(b). In such situation, no monetary policy would not be effective. Any attempts on the part of policy makers to convince the people to hold money in the form of no liquid assets will not work merely by increasing the money supply. Hence changing the demand for money merely by altering the interest rate was no more phenomenon to control the happenings in the economy. Here comes the expansionary fiscal policy into the picture to overcome liquidity trap. Here attempts is made by the government to increase aggregate demand which happens through government expenditure or lowering the taxes.
(c). Ideally the economy must count on the real interest rate as the nominal interest rate considers inflation. It is the real interest rate which shows the amount of actual investment happening in the economy. It also shows the real income generated as mere creation of money is only going to build an inflationary pressure without any actual increase in the real output. Hence, loose monetary policy would only add to inflationary pressure.
Discuss the following statements within a Keynesian cross model. Make use of economic theory to substantiate your claims.
(a) In a closed economy where the private sector invests more that it saves, the government must be running a budget deï¬cit.
(b) To increase economic income in an open economy, the government should ban imports.
(c) The government budget multiplier is bigger in a closed economy than in an open economy.
(a). When investment is more than savings that means that the interest rate offered would low as the investment is high. This would generate lesser revenue for the government. But as the country expenses are high and there have been no changes in the government expenditure, this would led to increase in budget deficit.
(b). Government must ban imports and enter into trade as this would lead to the specialization in the production of those commodity which is cheaper to produce and would import which is expensive to produce. Hence, net exports would increase leading to the increase in the income of the country.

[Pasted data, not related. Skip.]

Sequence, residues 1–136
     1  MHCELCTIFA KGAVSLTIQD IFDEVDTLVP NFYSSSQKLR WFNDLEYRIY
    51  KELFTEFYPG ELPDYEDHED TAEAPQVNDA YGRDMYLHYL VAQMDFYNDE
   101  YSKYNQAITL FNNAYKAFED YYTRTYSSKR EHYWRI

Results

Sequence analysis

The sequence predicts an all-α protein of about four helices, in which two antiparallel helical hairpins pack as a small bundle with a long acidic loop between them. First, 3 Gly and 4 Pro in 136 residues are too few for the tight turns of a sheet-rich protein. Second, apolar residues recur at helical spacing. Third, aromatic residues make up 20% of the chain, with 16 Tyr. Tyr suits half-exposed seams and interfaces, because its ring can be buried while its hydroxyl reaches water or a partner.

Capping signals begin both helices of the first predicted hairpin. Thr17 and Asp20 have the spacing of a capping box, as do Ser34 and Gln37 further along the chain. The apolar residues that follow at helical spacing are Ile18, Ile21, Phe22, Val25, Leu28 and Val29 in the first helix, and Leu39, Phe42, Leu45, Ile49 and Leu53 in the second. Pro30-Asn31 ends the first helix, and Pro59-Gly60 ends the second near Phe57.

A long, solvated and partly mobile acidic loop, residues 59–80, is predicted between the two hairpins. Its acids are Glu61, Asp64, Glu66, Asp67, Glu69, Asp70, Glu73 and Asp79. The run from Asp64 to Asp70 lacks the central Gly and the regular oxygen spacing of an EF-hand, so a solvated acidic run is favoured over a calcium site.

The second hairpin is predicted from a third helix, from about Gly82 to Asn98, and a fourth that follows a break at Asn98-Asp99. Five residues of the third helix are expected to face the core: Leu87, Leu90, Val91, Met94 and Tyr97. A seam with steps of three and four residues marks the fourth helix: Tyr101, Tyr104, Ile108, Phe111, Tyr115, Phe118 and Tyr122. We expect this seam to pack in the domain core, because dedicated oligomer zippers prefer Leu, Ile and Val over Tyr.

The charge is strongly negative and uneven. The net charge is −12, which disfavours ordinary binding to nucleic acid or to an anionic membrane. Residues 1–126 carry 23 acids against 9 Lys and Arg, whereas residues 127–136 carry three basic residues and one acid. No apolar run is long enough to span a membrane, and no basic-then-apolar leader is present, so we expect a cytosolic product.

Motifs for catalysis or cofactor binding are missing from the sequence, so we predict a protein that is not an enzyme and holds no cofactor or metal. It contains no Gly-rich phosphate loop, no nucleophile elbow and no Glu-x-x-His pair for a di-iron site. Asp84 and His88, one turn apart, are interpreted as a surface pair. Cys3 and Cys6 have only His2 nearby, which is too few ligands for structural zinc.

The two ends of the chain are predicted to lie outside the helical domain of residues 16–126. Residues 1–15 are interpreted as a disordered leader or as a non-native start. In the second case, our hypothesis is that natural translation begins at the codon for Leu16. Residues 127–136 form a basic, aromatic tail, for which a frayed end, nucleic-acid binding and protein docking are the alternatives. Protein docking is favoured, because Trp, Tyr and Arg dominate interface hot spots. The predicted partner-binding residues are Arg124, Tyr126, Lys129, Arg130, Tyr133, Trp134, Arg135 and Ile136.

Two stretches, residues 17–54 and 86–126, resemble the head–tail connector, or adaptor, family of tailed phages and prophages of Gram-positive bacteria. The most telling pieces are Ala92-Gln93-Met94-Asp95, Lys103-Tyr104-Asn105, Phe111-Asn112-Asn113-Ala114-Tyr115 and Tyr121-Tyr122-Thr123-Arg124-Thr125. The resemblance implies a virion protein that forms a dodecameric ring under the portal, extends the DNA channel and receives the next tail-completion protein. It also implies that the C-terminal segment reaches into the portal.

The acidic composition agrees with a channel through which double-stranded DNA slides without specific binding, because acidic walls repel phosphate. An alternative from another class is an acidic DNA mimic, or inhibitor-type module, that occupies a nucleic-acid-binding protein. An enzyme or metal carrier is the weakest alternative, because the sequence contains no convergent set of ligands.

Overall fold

(c ). Government multiplier is bigger in closed economy than the openeconomy because the role of the government in terms of expenditure and intervention is comparatively more than in case of open economy. So it is higher.
Consider the following model:
C = C0 + c(Y −T),
I = I0 −br,
where C is consumption, I investment, Y is income and T denotes lump sum taxes. C0 > 0 and I0 > 0 are autonomous consumption and investment respectively, 0 < c < 1 is the marginal propensity to consume out of disposable income, and b > 0 is sensitivity of investment with respect to the real interest rate (r). Denote government spending as G and assume that money demand is give by:
(M/P)d = k(Y −T)−hr,
where k > 0 and h > 0.
Using the IS −LM model, show and discuss how the inclusion of T into the money demand function will aï¬€ect the following:
(a) Derive the equilibrium levels of income and interest rate in this economy.
(b) If taxes were not included in the money demand function, ceteris paribus, equilibrium income and interest rate would be:
Y ∗ = h/bk + (1−c)h [C0 + I0 + G + b/h+M/P −cT]
r ∗ = k/bk + (1−c)h [C0 + I0 + G−cT]− (1−c/bk + (1−c)h M/P).
With this information, and your result in (a), discuss how the inclusion of taxes in the money demand function aï¬€ect the analysis of changes in government expenditure and taxes.
(a) We see that due to the introduction of taxes , the real income declines and interest rate also falls. Equilibrium income falls from Y*4 to Y*3
The rationale behind this is that due to the inclusion of taxes, consumption reduces due to the decreased in the disposable income. This causes reduction in the aggregate demand. Thus IS curve shifts to the left.
(b) Initially when the taxes are not included, aggregate demand is a function of consumption, investment, net of government purchases and taxes and net exports. It is assumed that except consumption everything is constant. Thus, any change in any these variable will cause shift in the IS curve. These shifts depends where there have been increase or decrease in the any of these variables. Thus, inclusion of government purchases would lead to the increase in the real income and interest rate of the economy. This will increase the aggregate demand and so the IS curve will shift to the right.